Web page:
Nah.  Did you even read the white paper? Do you understand why it is difficult to reach a distributed consensus? And how Bitcoin accomplishes it?

As a starting point, try watching this video.  It's a little light on details, and it generalizes some things, but it does a pretty good job of demonstrating the trust issues with a distributed peer-to-peer ledger system, and showing how bitcoin solves it:

https://www.youtube.com/watch?v=bBC-nXj3Ng4

We set up a system that says:
"You don't need to trust any third party.  Control over value can be exchanged electronically, and because of the financial incentives you can confirm that the whole world agrees that you have control over a specific amount of bitcoins. You don't need to get permission from anyone to use the system, and as long as you can communicate with a peer node somewhere in the world nobody can keep you from using the system. As long as you generate your private keys properly and you don't reveal your private keys to anybody, it is impossible for anybody to seize, freeze, or steal those bitcoins."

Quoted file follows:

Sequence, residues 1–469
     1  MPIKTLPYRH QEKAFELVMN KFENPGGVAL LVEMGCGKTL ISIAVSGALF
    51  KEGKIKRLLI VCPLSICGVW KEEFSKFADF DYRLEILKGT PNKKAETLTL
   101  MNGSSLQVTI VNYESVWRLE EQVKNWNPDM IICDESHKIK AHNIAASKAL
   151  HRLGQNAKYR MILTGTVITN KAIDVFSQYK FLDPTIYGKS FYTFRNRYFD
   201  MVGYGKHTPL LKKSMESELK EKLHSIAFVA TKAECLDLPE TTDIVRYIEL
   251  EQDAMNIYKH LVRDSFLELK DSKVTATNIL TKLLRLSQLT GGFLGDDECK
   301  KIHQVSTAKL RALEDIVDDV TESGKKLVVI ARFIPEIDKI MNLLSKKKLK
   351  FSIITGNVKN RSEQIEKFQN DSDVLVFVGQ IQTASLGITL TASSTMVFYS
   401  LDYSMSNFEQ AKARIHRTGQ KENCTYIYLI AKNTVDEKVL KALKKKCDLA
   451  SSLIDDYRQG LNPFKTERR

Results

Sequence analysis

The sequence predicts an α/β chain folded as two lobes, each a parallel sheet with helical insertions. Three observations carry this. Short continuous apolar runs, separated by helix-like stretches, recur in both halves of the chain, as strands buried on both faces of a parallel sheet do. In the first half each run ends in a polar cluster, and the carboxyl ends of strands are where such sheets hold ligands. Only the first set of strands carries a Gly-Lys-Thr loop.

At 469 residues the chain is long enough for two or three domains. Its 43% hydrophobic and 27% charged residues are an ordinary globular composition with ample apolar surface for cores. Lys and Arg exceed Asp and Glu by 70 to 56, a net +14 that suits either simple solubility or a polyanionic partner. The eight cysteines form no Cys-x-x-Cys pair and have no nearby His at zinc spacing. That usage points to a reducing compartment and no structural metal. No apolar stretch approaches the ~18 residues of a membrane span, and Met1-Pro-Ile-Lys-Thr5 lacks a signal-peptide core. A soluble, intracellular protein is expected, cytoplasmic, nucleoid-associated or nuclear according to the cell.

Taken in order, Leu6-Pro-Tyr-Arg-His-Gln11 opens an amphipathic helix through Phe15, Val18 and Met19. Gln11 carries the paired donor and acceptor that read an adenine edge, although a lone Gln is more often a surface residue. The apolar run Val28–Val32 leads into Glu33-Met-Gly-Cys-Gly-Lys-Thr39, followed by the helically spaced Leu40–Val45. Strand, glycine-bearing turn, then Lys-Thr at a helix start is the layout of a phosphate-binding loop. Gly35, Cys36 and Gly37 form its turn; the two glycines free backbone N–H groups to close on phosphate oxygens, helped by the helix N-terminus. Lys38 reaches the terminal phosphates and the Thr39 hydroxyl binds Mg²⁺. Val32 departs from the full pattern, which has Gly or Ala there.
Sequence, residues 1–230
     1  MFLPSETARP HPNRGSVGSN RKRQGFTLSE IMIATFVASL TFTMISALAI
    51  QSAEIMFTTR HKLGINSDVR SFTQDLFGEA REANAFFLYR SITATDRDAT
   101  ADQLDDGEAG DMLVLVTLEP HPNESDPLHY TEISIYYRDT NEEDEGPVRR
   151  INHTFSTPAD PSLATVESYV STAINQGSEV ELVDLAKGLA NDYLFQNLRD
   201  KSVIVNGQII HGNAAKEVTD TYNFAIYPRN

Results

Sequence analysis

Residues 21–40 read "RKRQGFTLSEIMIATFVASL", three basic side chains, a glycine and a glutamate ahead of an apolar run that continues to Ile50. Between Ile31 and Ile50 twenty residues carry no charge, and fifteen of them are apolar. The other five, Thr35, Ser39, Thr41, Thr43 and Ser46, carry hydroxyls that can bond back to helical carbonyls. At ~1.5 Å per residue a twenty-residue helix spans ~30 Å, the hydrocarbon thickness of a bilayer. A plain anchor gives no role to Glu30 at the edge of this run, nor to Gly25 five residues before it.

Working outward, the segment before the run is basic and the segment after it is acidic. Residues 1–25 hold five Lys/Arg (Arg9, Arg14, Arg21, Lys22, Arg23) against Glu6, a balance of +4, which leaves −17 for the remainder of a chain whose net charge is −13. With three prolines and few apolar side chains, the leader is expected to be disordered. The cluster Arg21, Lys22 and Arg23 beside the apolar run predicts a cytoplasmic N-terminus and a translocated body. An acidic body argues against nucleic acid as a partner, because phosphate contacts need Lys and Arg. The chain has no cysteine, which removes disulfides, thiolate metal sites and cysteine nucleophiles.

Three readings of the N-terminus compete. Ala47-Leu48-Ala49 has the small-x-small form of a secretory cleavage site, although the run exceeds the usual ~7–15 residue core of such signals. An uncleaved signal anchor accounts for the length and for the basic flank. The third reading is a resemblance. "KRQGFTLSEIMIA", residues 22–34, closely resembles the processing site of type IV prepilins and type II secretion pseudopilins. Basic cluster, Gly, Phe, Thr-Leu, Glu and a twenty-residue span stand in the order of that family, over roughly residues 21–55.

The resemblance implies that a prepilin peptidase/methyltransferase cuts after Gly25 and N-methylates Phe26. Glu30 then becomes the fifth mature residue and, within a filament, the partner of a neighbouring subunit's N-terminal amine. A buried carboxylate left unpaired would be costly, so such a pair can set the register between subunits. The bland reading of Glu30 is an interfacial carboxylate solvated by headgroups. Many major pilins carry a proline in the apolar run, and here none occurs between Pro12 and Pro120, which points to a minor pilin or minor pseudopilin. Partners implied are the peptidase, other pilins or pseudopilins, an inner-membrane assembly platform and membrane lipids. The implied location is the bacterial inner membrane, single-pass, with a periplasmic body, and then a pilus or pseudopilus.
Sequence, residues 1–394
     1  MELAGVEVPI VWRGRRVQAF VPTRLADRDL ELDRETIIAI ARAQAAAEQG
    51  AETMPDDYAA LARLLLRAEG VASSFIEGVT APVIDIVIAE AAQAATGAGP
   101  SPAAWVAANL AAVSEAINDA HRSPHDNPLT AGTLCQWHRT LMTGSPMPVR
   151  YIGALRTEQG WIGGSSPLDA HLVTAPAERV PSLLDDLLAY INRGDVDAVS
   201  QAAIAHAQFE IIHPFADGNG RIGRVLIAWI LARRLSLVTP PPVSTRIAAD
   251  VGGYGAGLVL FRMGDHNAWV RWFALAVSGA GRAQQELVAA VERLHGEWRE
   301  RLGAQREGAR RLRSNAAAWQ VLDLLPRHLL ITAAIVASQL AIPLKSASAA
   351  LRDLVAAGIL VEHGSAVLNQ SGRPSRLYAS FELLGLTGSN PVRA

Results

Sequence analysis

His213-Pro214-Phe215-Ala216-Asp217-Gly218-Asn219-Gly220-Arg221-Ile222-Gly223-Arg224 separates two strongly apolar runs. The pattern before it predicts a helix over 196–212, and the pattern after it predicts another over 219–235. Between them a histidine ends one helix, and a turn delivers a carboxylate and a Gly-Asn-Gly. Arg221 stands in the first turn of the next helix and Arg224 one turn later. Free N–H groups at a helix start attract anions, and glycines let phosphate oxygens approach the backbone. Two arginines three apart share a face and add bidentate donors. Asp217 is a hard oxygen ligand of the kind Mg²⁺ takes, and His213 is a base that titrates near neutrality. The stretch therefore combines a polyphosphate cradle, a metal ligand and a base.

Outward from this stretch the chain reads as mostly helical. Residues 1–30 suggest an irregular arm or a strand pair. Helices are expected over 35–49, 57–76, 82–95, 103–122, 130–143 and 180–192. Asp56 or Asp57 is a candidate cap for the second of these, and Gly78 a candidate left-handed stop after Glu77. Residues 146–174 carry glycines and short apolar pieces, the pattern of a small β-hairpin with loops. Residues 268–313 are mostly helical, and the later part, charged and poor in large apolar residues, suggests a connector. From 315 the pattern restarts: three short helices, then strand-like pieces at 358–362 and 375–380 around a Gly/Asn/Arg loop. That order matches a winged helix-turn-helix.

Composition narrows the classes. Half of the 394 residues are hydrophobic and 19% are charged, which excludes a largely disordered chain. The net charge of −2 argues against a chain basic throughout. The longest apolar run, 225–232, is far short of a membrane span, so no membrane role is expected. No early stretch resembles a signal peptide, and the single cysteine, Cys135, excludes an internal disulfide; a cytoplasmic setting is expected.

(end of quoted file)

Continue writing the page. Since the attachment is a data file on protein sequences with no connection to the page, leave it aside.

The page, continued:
But we are creating something.

Not sure what you mean there.

We are using something (the bitcoin protocol) that was created in 2009.

Right now, that protocol is using inflation (release of value into the market) to subsidize those that choose to participate in securing the system.  Eventually that subsidy will shrink to 0 BTC and those that choose to participate in securing the system will be paid entirely with the transaction fees from the transactions that occur on that system.